Catherine Williams La Trobe University
In the blistering Sicilian sun I sit, together with hundreds of students, awaiting the arrival of Antonio Ingroia who this morning* will participate in a public conversation as part of the Festival della Legalità (a week-long event held annually in Palermo). Behind me a group of boys scans the piazza and the palazzi towering above it for would-be assassins, keen to protect a man who has become, for many, a national hero.
As Ingroia enters the piazza the students break into applause; he takes to the stage flanked by two agents from his security escort, and the conversation with journalist Riccardo Lo Verso begins. At Lo Verso’s first question Ingroia, with a discourse mighty in its linearity and clarity, slices through decades of modern Italian history, focusing on Italy’s experience of organized crime, corruption and, in particular, the trattativa Stato-mafia. Below is a synopsis of Ingroia’s description of what prosecutors allege constitutes this trattativa:
To frame the historical context we need to go back to 1992, when the Christian Democrat Salvo Lima (acknowledged to be the politician who maintained relations with the mafia and was the symbol of the pact between it and politics in that period) is assassinated. Lima’s death follows the Court of Cassation decision confirming the convictions won as part of Falcone and Borsellino’s maxiprocesso, which the mafia perceived as evidence of a failure by that part of politics which had protected it, and maintained a mutually beneficial relationship with it, until that moment; it therefore killed the man who represented the relationship between it and the state.
Lima’s assassination sparks panic in the political world, particularly amongst those politicians who fear being condemned to the same fate. At this point, some politicians who feel at risk from the mafia try to exploit their political power to understand if they are to be assassinated, and whether it is possible to avoid this open war – whether it is possible to negotiate a new pact. But the mafia continues with the slaughter. A few months later it kills Falcone: this spurs on panic within the state, and especially in the world of politics. Borsellino forges ahead with intransigence, fighting for ever-stronger laws against the mafia – and some of the laws he agitates for are passed.
But behind the scenes, some politicians continue to negotiate with the mafia. Contacts are developed in particular with Vito Ciancimino. Ciancimino, mafioso and ex-mayor of Palermo, was the man who was best able to act as an interface between the mafia and politics and open a dialogue, to let the mafia know that there is a part of the state disposed to negotiating and asking the mafia what it needs to stop the slaughter. News of this, according to various ‘pentiti’, arrives at the boss of bosses of that time, TotòRiina, who prepares the so-called ‘papello’ (a long list of requests made by the mafia of the state – some feasible, others not).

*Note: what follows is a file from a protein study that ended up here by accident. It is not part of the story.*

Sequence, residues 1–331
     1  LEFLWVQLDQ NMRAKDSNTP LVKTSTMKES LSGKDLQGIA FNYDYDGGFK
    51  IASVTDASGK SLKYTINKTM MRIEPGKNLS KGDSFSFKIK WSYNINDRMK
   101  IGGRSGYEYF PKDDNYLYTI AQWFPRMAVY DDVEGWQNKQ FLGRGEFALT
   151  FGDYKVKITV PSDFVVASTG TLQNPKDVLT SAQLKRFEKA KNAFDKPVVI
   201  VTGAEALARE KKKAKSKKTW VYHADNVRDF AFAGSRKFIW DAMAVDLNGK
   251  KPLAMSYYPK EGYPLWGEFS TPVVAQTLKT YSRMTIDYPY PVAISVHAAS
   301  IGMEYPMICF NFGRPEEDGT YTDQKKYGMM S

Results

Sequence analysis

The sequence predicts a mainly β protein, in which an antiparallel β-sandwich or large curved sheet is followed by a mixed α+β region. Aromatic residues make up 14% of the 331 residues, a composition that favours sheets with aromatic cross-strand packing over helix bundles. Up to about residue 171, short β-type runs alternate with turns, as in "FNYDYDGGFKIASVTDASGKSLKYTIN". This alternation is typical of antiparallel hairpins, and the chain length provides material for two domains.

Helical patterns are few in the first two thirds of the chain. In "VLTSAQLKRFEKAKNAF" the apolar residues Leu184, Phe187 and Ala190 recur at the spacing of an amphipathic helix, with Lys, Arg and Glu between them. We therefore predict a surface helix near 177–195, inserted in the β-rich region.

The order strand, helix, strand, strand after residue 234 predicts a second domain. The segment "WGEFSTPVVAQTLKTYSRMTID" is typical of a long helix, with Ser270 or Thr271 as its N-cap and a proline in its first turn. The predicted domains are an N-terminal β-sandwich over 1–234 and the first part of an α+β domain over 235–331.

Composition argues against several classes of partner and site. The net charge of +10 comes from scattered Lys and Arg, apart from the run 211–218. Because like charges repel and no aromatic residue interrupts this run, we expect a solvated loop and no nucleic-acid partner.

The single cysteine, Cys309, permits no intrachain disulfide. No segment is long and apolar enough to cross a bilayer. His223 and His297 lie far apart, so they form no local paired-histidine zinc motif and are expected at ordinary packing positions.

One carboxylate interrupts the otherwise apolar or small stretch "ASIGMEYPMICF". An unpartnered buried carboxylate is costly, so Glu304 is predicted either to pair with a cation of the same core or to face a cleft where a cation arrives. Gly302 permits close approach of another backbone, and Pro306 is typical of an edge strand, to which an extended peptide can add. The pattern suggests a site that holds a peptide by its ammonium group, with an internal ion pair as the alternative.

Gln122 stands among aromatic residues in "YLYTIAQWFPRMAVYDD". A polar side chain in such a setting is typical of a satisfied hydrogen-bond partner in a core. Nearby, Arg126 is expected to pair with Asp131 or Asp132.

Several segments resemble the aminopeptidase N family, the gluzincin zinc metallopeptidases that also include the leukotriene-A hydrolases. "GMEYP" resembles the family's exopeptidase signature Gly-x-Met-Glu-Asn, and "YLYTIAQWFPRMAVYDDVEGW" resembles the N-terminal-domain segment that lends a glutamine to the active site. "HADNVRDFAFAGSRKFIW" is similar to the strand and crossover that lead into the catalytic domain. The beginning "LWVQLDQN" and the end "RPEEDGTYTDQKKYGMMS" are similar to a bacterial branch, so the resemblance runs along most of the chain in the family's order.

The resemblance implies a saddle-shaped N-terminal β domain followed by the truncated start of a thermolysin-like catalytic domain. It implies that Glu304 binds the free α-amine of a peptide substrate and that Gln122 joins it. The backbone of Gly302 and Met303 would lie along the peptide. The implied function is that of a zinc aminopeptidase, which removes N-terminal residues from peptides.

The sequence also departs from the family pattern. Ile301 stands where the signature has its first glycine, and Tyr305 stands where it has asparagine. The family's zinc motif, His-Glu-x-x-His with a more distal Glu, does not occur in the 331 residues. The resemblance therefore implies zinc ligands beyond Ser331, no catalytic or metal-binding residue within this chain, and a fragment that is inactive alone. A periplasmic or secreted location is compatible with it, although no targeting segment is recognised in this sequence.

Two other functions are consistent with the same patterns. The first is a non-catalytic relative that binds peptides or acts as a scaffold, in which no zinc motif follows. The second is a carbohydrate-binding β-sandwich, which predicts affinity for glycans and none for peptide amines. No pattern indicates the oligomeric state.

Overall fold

The negotiations continue at a distance (there is never an in-person meeting between the mafia bosses and the state’s representatives) before an agreement is arrived at – a verbal agreement which leads to the mafia abandoning its plans to kill certain politicians. But because not everyone is willing to negotiate with the mafia the agreement works only in part, and so some mafiosi continue killing. Borsellino is assassinated because he is an obstacle, and then in 1993 the mafia changes strategy and decides to strike outside Sicily: there is the attack on television presenter Maurizio Costanzo, then the bombs in Florence, and then the bombs in Rome and Milan.
In the midst of all this, there are some politicians who continue to negotiate with the mafia; suddenly some progress appears to have been made when in 1993 article 41 bis (establishing a rigorous penal regime for those imprisoned for particular crimes, including mafia crime) is loosened and some mafiosi are spared it, despite adverse recommendations from prosecutors. This negotiating-at-a-distance continues until 1994, when a new pact is concluded.
On 1 October 2012, the historic trial arising from this alleged trattativa opened with twelve mafiosi, politicians, and representatives of the state’s institutions and armed forces facing charges: five mafiosi are charged with threatening the state, five politicians and institutional representatives with complicity in threatening the state, another with complicit mafia association and another with perjury. Ingroia has promised that from Guatemala (where he has accepted a year-long post with the United Nations) he will elaborate on “certain things” which he has not yet been able to in relation to the trattativa, because he will feel less like his hands “are tied”. We will await with great interest what else it is that he has to say.
*The event took place on 4 October 2012